I got a VZ52 today, just to have it, not to shoot. The only 7.62x45 I know is military surplus. I also saw some recently manufactured 7.62x45 for sale online at a major premium. Who actually manufactures 7.62x45 presently? Also, any other guns using 7.62x45? And, lastly, why all VZ52 I see look like they went through multiple WWII conflicts, they are all banged up and look like hell? Were they in some kind of secondary war in the tropics?
The only conflict I am personally aware of where the VZ52 was used was in the invasion (liberation?) of Grenada, must have been used somewhere else also. The Cuban troops there were armed with them. I knew an Air Force Staff Sergeant who had been part of the operation. I think he said they were using the 7.63x39mm version though.
As an aside, it’s ironic that part of the importation of the 7.62x45mm ammo preceded that of the rifles. Thunderbird Cartridge Co. here in Phoenix got in a large amount of the ammo but there wasn’t anything to shoot it in. So, they pulled it down and made 7.62x39mm from it. Then the rifles showed up, wouldn’t you know!
I looked at my gun, it is made in 1956, so it must be 7.5x45 it is supposed to shoot, but importation info on the barrel says “CZ52 Czecho 7.62x45”. Was it re-chambered or Century Arms in Vermont screwed up?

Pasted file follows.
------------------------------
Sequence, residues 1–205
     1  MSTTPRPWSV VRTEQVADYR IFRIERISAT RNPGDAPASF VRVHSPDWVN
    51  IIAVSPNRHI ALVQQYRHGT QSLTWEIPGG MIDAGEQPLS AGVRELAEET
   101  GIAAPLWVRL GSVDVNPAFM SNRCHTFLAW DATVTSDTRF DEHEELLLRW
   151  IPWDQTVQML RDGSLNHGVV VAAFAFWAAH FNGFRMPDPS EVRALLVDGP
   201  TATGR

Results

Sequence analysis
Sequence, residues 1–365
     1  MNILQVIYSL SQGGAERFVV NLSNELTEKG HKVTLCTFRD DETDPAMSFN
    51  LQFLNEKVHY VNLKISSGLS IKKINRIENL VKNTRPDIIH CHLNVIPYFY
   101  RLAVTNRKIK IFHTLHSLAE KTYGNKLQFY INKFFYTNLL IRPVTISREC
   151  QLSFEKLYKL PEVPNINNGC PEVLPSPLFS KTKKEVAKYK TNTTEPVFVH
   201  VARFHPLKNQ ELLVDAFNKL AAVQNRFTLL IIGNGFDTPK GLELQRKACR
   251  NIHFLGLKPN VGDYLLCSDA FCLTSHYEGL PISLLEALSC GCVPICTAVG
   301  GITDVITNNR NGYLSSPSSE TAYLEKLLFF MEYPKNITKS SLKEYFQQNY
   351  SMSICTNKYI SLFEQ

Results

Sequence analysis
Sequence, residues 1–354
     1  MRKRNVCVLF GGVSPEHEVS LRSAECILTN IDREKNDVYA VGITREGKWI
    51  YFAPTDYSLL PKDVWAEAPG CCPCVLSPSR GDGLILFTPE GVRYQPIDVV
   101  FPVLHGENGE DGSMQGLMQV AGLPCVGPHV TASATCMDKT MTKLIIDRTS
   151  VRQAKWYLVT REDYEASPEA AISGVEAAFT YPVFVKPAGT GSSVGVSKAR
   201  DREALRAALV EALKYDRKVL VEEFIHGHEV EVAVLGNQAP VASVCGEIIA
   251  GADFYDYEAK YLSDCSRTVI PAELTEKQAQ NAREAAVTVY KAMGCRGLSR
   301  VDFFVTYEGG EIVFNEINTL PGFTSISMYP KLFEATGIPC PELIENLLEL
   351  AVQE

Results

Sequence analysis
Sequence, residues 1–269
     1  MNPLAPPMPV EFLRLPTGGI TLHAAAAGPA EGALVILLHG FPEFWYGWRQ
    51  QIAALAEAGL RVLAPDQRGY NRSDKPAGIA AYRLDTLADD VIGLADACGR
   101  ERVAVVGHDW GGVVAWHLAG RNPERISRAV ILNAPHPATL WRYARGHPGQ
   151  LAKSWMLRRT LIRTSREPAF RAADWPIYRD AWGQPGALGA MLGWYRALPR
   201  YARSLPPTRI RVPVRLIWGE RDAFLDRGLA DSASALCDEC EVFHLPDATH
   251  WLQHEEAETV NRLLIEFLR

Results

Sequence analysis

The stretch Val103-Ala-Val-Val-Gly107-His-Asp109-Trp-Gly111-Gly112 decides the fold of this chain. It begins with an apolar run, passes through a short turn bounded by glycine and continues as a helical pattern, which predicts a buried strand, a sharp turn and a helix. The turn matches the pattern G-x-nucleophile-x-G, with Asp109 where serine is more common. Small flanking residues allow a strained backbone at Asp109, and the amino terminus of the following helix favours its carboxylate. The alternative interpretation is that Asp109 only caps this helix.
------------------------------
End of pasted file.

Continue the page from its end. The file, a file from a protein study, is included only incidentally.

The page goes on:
As I said in my post, it was Castro’s Cuban troops who were supporting the bad guys in Grenada that were using the VZ52’s.
Wikipedia has this to say:
[i]After pressure from the Soviet Union to adopt its 7.62x39mm M43 cartridge, existing Czech rifles were rechambered to the Soviet caliber, and all further production of the rifle was chambered in this caliber and re-designated the vz. 52/57. The vz. 52/57 is identical except for its barrel and its magazines. It is considered less reliable and accurate than the original vz. 52 rifle, on the other hand the vz. 52/57 has chromium-plated bore and chamber. The vz. 52 magazines can be used with the vz. 52/57, but they do not feed reliably.
All of the vz. 52 series were quickly replaced in Czechoslovak service by the vz. 58, but the earlier rifles found their way to Soviet allies during the Cold War, and have seen service in Grenada, Somalia, Cuba and Afghanistan and many of those were passed on to guerrillas. The Czech Castle guard uses chrome-finished, deactivated vz. 52 rifles with darkened wood stocks as ceremonial weapons.[/i]
Both types were imported into the US.
The 7.5x45 was more or less an experimental round that predated the 7.62x45 if I’m not mistaken.
My experience has been the opposite. All of the Vz.52 rifles I have seen were in beautiful condition… nonetheless, an interesting rifle and history.
The new production ammunition you saw was probably reformed from 7.35 Carcano, 6.5 MS or .220 Swift brass. All three of these calibers have been used to make 7.62x39mm, so I think it is not unreasonable to assume that 7.62x45mm can be made from them as well. If you want some ammunition, I know of a gun shop nearby with a bunch of it. 1961 dated on 5 rd. stripper clips if I recall correctly… Price was fair as well.
I know that some of that ammo was found in Lebanon, so the Vz52 rifle and/or Vz52 LMG must have seen some use there.